On the Simplicity of Divine Prayer

Trying to get back into a routine is rough when you’ve been out of it for so long.  Between the job changes, house moves, seclusionary period of religious vows, and then a glut of partying and celebration at the end of 2017, I’m sure some of my readers can sympathize.  None of that excuses me, of course, from what I should be doing, but a trial’s a trial, after all.

One morning this week was the first in a long time I’ve made myself sit down, meditate, and recite some prayers.  Not many, given my lengthier commute than what I had back a few years ago, and given that I need to reconfigure my sleep schedule to allow for more awake time in the morning before work.  But, yanno, it was enough for this morning.  Admittedly, the prayers take some getting used to again, reciting them with the same focus, the same intent, the same clarity I recall I once had.  But then, any skill left unused for too long dulls faster than an overused knife, so it’ll just take practice and repetition and applying myself.  After a few days, I started to get that…silent Ring, that echo of the Hymns of Silence, back into my words.  So even if it doesn’t take too long to sharpen myself, it still takes time.

Briefly, I considered maybe if I wasn’t doing enough, if I wasn’t incorporating enough elements to give myself that proper atmosphere.  You know of what I speak, dear reader: that misty-shadowy-monochrome-occult,  evidently-powerful, clearly-mystical aesthetic that we all idealize and fetishize in our Work.  That perfectly-framed instagrammable/snapchattable/sharable #nofilter dark-room bones-and-herbs-strewn-about #tradcraft altar look that often sticks in our minds as both breathtaking and inspirational.  So, while in the middle of a prayer, holding my book in one hand, I reached for the incense with the other—

I stopped myself.  No, incense was not what I needed.  What I needed was prayer, and that alone.

A few weeks ago, while trying to find an appropriate time for a feast day of Hermes Trismegistus, I recalled a specific astrological alignment used for…something Hermetic.  After scouring through the Corpus Hermeticum and other Hermetic texts, I eventually stumbled upon what I was looking for in the Discourse on the Eighth and the Ninth, but there was another bit of text that, although unrelated to what I was looking for, stuck out to me and reminded me of the simplicity called for in spiritual works, especially that of prayer.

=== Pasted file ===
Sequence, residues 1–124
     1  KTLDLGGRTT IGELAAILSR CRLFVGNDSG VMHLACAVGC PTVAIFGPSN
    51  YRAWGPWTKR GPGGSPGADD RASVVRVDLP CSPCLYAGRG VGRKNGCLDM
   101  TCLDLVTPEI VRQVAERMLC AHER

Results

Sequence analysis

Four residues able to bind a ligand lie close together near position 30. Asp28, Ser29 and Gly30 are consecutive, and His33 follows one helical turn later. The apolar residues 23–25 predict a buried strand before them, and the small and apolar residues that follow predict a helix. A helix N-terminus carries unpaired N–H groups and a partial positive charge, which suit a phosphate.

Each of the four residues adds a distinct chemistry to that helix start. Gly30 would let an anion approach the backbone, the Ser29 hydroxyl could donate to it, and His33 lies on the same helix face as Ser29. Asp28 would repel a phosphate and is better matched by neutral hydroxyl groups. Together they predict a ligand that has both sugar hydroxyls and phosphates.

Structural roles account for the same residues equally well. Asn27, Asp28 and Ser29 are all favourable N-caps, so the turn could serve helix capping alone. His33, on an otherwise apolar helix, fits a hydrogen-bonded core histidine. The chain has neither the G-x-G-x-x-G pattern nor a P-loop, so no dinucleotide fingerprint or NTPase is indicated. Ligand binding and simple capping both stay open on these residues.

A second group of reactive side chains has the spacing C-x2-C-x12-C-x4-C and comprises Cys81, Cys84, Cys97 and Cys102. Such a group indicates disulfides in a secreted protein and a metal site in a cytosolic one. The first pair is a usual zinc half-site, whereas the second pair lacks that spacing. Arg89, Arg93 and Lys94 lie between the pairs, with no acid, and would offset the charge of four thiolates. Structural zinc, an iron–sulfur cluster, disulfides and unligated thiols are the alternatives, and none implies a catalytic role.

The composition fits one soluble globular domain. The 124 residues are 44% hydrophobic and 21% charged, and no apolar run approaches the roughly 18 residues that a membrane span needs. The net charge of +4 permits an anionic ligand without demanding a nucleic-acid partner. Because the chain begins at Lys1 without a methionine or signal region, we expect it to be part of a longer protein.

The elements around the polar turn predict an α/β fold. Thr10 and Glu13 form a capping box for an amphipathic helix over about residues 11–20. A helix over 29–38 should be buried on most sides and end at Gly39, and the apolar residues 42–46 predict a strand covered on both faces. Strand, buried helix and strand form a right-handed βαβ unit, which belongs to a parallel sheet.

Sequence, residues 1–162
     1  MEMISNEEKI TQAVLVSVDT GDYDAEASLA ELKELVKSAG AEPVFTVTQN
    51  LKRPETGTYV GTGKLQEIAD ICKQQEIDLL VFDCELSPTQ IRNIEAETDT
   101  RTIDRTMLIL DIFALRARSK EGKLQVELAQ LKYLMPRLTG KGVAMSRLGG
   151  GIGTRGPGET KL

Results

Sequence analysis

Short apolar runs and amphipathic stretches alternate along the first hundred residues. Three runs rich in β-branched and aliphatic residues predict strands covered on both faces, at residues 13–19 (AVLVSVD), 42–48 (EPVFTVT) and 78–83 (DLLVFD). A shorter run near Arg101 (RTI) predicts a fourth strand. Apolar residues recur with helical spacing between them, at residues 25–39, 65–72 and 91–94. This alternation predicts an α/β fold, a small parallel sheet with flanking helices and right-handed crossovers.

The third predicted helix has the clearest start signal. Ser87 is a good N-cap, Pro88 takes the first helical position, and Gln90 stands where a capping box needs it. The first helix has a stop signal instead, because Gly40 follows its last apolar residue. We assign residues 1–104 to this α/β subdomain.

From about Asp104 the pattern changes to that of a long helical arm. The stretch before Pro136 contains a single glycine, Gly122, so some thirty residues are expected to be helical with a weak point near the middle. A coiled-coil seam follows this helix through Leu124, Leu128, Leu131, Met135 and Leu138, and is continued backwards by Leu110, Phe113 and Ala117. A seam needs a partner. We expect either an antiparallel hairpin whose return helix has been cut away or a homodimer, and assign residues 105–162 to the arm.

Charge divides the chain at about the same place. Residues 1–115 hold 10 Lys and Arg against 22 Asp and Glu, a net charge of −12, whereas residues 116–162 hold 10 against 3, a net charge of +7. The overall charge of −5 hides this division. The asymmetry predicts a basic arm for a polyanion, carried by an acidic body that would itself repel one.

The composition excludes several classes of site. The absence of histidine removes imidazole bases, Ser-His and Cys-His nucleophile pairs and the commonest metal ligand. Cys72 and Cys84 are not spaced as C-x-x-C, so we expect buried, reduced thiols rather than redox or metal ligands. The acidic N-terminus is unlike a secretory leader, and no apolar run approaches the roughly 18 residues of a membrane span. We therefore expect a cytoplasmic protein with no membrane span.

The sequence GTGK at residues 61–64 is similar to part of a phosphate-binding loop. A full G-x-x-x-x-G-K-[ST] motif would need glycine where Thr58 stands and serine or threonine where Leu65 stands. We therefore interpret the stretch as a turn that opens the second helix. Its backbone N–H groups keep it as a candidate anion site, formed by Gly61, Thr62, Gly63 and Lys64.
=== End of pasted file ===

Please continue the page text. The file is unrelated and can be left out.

From the Asclepius (chapter XLI; Copenhaver translation, p92):

As they left the sanctuary, they began praying to God and turning to the south (for when someone wants to entreat God at sunset, he should direct his gaze to that quarter, and likewise at sunrise towards the direction they call East), and they were already saying their prayer when in a hushed voice Asclepius asked: “Tat, do you think we should suggest that your father tell them to add frankincense and spices as we pray to God?”

When Trismegistus heard him, he was disturbed and said: “A bad omen, Asclepius, very bad.  To burn incense and such stuff when you entreat God smacks of sacrilege.  For he wants nothing who is himself all things or in whom all things are.  Rather, let us worship him by giving thanks, for God finds mortal gratitude to be the best incense.”

Let me unpack this by means of a parallel lesson I learned back in high school.  Say you’re the subject of a king, and the king is coming to your village to pay a visit and hold court.  All the local lords and nobles are coming, and all the subjects (high- or lowborn) are expected to present something to the king.  What they present are not gifts; gifts, after all, are seen as a kind of favorable charity, but how could a subject give a gift to his king?  The king already has a right to whatever his subjects own; a gift implies the bestowing of something that the receiver does not already have.  No, it is absurd for a subject to give his king a gift; what the subject offers is tribute.  Tribute is something given (yet not a gift) as well as an act of expressing admiration, gratitude, and respect to someone.  A craftsman giving a delicately crafted timepiece, a farmer giving the best of his year’s fruit, a herdsman giving the fattest of his personal flock, an artist giving a fully-decorated manuscript are all things that can be considered tribute in this context; these are acts or offerings of their own labor, their own work, their own hands with which they express thanks to their king, who enables them to do everything.

Of course, you can’t just offer any old thing as tribute.  No, it should be the finest example of what can you can produce, the most rarefied exemplar of skill and labor, and that which is suited to the tastes and needs of the king receiving tribute, as well as exemplifying the natural ownership of the king over his domain.  In other words, proper tribute shows our respect to those above us that we are grateful for their support, patronage, guidance, and protection in the means that they themselves strive to attain.